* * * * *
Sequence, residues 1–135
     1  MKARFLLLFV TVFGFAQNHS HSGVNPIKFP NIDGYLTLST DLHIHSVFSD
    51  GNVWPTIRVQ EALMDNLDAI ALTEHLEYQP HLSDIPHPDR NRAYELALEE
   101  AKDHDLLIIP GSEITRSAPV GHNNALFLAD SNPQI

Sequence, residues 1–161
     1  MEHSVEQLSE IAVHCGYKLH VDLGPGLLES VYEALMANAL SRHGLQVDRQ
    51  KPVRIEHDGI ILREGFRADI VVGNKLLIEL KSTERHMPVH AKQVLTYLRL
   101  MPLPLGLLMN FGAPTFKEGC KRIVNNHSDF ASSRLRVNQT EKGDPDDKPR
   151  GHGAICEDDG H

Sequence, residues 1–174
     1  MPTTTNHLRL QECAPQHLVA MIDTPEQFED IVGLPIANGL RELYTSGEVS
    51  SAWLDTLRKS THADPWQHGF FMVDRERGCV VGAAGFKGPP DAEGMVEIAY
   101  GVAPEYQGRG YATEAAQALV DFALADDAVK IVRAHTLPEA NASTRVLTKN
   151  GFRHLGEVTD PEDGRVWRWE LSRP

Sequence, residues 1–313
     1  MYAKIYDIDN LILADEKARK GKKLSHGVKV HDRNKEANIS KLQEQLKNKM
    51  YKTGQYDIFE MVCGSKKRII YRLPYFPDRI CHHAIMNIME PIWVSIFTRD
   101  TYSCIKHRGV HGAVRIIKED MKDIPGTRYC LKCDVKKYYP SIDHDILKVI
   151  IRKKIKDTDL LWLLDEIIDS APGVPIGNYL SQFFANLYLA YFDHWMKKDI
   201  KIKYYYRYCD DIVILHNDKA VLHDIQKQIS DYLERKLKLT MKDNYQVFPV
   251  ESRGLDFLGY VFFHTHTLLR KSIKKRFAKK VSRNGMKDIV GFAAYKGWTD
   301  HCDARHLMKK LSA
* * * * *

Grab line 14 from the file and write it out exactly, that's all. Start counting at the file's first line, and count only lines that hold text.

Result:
   151  GFRHLGEVTD PEDGRVWRWE LSRP